Analysis by open source software provider SUSE showed 49 per cent of UK respondents take into account the digital credentials of a company before entering a professional relationship with them, while 62 per cent worry about how companies might be using the data they gather.
Furthermore, 71 per cent said they aren’t sure what type of information businesses can collect about them, suggesting company policies on data usage may not currently be clear enough.
SUSE spokesperson Matt Eckersall said the prospect of failing to win business because of a poor security reputation demonstrates that it has never been more important for companies to show they are respecting the views and privacy of their customers.
“Security is complex and not something that can be addressed with a single silver bullet. Yet with the correct infrastructure in place, companies can achieve regulatory compliance and ensure customer trust in their brand is not damaged by either cyber security concerns or a lack of transparency around data storage and use,” he added.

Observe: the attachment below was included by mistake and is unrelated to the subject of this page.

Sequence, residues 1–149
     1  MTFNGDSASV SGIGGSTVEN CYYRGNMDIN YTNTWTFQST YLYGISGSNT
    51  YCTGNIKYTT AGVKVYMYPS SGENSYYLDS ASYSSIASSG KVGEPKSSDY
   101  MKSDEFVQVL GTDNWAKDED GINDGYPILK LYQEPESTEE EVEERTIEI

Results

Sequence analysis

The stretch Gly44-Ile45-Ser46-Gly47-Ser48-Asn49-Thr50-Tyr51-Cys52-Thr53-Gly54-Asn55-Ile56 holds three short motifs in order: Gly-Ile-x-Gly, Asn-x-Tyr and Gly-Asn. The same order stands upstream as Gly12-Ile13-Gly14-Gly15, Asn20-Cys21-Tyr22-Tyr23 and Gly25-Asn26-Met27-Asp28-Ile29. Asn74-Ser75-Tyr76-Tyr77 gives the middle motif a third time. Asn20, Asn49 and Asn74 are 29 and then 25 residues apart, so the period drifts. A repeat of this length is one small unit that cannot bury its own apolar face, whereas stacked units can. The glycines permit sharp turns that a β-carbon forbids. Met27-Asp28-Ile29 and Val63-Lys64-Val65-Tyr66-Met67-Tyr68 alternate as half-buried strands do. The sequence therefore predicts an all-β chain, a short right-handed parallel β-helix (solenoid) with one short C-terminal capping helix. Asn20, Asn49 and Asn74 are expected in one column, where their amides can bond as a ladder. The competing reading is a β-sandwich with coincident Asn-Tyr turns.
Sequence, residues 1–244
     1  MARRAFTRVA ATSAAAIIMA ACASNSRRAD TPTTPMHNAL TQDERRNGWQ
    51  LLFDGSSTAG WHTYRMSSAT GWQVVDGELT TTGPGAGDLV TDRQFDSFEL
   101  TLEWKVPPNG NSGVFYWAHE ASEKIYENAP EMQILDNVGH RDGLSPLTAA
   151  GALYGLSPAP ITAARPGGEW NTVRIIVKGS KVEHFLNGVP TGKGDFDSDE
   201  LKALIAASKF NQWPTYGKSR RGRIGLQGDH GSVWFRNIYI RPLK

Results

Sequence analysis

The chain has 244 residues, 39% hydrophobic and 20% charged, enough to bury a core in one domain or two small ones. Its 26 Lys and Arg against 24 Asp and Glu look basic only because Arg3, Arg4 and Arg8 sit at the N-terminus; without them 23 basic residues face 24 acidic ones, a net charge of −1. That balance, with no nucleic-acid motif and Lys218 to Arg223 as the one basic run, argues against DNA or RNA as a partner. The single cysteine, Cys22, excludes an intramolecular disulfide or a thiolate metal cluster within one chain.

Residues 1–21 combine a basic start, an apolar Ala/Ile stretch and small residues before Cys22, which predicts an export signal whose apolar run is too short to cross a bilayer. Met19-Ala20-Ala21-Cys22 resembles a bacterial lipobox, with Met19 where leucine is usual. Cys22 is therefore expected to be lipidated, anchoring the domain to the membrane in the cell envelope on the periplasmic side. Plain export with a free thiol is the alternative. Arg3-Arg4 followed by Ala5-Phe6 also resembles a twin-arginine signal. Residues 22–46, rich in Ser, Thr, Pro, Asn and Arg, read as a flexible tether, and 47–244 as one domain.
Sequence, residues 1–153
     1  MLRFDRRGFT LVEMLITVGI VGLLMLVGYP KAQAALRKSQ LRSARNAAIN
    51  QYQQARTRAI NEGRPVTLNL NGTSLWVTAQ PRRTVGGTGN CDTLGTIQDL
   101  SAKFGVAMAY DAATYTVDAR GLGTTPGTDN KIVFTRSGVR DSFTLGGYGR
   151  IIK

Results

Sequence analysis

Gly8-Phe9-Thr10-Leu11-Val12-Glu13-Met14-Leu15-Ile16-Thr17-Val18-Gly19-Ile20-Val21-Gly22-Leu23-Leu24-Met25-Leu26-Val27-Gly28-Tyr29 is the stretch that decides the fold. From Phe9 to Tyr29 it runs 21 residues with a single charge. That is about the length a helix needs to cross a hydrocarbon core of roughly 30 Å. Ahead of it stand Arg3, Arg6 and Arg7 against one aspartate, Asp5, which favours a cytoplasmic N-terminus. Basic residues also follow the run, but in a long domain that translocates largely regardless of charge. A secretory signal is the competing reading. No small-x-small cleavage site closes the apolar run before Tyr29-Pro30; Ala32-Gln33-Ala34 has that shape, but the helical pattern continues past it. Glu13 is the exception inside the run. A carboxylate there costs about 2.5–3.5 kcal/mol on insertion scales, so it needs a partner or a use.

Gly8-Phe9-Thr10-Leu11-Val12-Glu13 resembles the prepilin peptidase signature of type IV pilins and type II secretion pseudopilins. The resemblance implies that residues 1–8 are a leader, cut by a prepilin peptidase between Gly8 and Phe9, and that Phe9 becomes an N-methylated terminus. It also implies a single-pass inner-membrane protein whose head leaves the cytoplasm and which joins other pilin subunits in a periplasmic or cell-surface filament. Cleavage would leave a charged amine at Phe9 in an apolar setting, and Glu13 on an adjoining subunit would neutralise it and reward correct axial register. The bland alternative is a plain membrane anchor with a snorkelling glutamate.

The news follows a statistical report from the government’s Department for Digital, Culture, Media and Sport entitled Cyber Security Breaches Survey 2019, which found 32 per cent of businesses have experienced a data breach in the past 12 months.
Most commonly, these came about from phishing, but malicious impersonation, malware and spyware were other common methods of soliciting information or money.
For 48 per cent, there had been at least one breach or attack per month, while 19 per cent reported cyber security incidents stopping staff from going about their daily jobs.
On average, the cost of lost data or assets for each incident was £4,180, meaning the annual cost of cyber crime in Britain has now reached an estimated £21 billion.